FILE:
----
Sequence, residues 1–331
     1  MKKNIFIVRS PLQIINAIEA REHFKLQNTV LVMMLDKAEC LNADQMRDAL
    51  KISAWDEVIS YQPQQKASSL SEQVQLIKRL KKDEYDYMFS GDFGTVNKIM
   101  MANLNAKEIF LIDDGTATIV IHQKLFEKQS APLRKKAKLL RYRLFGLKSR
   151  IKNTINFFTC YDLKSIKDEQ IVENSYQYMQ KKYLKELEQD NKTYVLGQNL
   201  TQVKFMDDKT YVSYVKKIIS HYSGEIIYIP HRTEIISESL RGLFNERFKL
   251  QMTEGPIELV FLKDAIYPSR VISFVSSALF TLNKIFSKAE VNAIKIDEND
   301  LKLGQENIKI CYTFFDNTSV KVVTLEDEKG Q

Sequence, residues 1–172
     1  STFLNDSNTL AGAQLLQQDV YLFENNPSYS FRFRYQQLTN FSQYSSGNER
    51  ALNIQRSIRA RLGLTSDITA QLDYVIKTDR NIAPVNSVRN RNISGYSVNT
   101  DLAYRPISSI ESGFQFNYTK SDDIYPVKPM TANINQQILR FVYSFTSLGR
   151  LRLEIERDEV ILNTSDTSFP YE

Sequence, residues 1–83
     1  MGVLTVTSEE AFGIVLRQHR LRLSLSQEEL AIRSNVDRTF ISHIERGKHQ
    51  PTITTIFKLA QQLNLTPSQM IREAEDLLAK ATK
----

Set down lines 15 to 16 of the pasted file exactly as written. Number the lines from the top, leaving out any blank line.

     1  MGVLTVTSEE AFGIVLRQHR LRLSLSQEEL AIRSNVDRTF ISHIERGKHQ
    51  PTITTIFKLA QQLNLTPSQM IREAEDLLAK ATK